Where’s the Beef: Restaurants Experimenting With Lean Proteins

Although Americans obviously love their steaks and burgers, many are looking at other protein sources as a way to maintain healthier diets and save money when dining out. The nation’s total beef consumption is down from 27.3 billion pounds in 2008, to 25.5 billion pounds in 2013, according to the U.S. Department of Agriculture. Clearly, Americans are looking for healthier protein alternatives, and poultry options fit the bill, according to “Who Eats the Meats: A Guide to the Modern US Lean Protein Eaters.” The report found that more than 31 million households purchased a lean protein at least once a week because they are low in fat and play an important role in strengthening the body’s immune system.

The trend of consumers embracing lean proteins is one that many restaurants are embracing in an effort to offset the cost of beef, which increased 25 percent last year. Prices aren’t falling any time soon, thanks to the droughts of 2012 that decimated cattle. Although farmers are rebuilding their herds, it takes up to three years from gestation for cattle to reach market weight, according to Kevin Good, senior analyst at CattleFax.

That means most cuts of beef will remain high for another year, which has forced many restaurants to increase menu prices, said Joe Pawlak of Technomic.

“They can only do so much from a cost cutting or yield effectiveness perspective to keep menu prices flat,” Pawlak said. “They are passing prices onto their patrons.”

Fresh to Order, a 15-unit fine fast casual chain, is one restaurant that recently increased menu prices, but it’s impossible to raise them enough to cover the costs, said Jesse Gideon, the brand’s COO and corporate chef.
“You can never truly raise enough; guests can never absorb all the true increases,” he said. “You will price yourself out of business.”

Lean proteins taking over restaurant menus:
Higher beef costs aren’t only affecting small restaurants; it’s a problem for the big guys, too. Chipotle, for example, raised its steak prices last year and is contemplating another increase later this year, Jack Hartung, Chipotle’s chief financial officer, said during the company’s last earnings call in February.

“Restaurants have been embracing and incorporating lean proteins like chicken, pork, turkey and fish into their menus as locally sourced meats and seafoods top our culinary trends list for 2015, said Christin Fernandez, director, Media Relations & Public Affairs at the National Restaurant Association. “Poultry and fish items continue to be perennial trends in limited service restaurants and we’re also seeing that like beef, restaurants are incorporating less traditional protein and seafood options like pork cheeks or arctic char.”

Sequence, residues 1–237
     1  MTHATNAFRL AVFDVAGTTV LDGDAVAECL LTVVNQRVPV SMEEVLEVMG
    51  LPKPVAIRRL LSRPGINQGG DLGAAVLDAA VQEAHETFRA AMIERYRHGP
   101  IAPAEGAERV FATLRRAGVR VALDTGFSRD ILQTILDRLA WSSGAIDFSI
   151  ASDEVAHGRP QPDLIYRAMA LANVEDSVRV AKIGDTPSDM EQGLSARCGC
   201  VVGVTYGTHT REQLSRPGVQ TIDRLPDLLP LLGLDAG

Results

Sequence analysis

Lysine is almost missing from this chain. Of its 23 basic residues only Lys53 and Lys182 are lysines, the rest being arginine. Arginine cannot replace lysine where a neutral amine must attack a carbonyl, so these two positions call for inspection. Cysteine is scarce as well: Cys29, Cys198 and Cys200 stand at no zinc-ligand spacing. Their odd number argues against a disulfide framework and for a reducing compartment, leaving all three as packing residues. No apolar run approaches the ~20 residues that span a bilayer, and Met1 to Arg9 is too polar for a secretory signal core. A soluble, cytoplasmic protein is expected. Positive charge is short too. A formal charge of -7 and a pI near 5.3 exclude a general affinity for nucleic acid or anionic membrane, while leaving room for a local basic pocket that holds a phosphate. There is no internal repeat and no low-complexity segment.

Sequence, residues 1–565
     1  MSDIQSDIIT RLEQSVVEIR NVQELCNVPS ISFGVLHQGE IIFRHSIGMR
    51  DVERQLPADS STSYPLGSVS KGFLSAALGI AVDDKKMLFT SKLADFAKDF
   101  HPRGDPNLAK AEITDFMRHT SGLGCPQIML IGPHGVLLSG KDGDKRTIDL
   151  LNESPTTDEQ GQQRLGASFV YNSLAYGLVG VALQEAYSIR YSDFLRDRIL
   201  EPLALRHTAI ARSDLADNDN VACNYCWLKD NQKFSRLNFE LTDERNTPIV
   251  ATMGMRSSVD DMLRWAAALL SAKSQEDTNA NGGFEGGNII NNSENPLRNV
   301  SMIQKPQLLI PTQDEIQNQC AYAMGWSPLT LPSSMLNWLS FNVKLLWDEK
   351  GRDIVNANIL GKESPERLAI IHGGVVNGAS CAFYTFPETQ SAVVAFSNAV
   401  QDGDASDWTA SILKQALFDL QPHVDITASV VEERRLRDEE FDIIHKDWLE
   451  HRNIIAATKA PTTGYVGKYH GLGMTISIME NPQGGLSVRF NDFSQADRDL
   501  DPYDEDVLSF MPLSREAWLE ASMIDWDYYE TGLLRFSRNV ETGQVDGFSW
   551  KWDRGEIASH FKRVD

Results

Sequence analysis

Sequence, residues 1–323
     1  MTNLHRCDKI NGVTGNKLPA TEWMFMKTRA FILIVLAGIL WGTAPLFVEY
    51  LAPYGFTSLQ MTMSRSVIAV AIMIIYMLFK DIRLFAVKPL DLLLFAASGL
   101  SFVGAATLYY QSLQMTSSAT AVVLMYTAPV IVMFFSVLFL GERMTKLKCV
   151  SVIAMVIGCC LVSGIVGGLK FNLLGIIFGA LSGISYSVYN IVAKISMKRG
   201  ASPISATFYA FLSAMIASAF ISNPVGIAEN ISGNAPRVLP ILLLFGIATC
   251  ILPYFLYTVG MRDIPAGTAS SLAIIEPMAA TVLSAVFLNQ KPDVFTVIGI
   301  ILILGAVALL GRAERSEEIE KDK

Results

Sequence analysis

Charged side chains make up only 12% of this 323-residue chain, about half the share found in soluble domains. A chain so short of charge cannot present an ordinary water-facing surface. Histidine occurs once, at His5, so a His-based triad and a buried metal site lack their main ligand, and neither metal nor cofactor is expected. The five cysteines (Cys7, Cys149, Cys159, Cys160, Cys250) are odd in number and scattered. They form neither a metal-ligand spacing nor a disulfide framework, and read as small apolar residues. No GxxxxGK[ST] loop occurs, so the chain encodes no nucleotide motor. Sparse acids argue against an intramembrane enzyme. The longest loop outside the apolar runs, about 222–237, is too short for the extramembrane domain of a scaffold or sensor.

A tactic that many restaurants are using to offset high beef costs is focusing specials and limited-time offers on non-beef items to save costs and enhance their margins, Pawlak said.

Fresh To Order serves poultry, is relying on less expensive cuts of beef and also encourages customers to try new menu items.

“We have been gently nudging guests with marketing around alternative items and training staff to recommend other favorites in like and other categories,” Gideon said.

Del Taco’s turkey test:
While turkey isn’t a staple in most Mexican restaurants, Del Taco added it to the menu last year when it introduced turkey tacos and turkey CrunchTada tostadas. It was the first Mexican fast-food chain to offer turkey as a protein option and is advertising that the 150-calorie tacos contain 33 percent less fat than the beef.

“People are substituting turkey for beef to meat dietary needs and health goals, and Del Taco was excited to offer its guests lean, seasoned ground turkey last year now made using Jennie-O turkey,” said John Cappasola, the chain’s EVP and chief brand officer. “This move provides guests with an excellent beef alternative without sacrificing the delicious Mexican flavors they know and love at Del Taco.”

Although restaurants have historically shied away from serving turkey unless it came in sandwich form, that’s changing, according to Mintel’s January 2015 “Emerging Flavor & Ingredient” report. It picked up 23 mentions of unique turkey ingredients on menus in Q3 2014, and 11 of those are posting “menu incidence growth,” an increase in mentions across all menus.

Although Uncle Maddio’s Pizza Joint uses beef on its pizzas, it sells three times the volume in hormone-free poultry than beef products, said Scott Goodrich, SVP of the chain’s Operations Franchisee Support Training Purchasing

“Over the last two years, we have seen beef prices rise in double digit percentages, however pork has remained flat and poultry has gone down,” he said.

Darren Tristano, executive vice president of Technomic in Chicago, isn’t surprised and expects to see other restaurants using more non-beef items, especially turkey, in a variety of dishes.

“I think we will see [turkey] consumption rise across the board … with [the addition of] tacos, burgers and other more traditional items. Turkey is leaner, healthier and less expensive,” he said.

*Abridged from an article by Cherryh Butler, www.fastcasual.com


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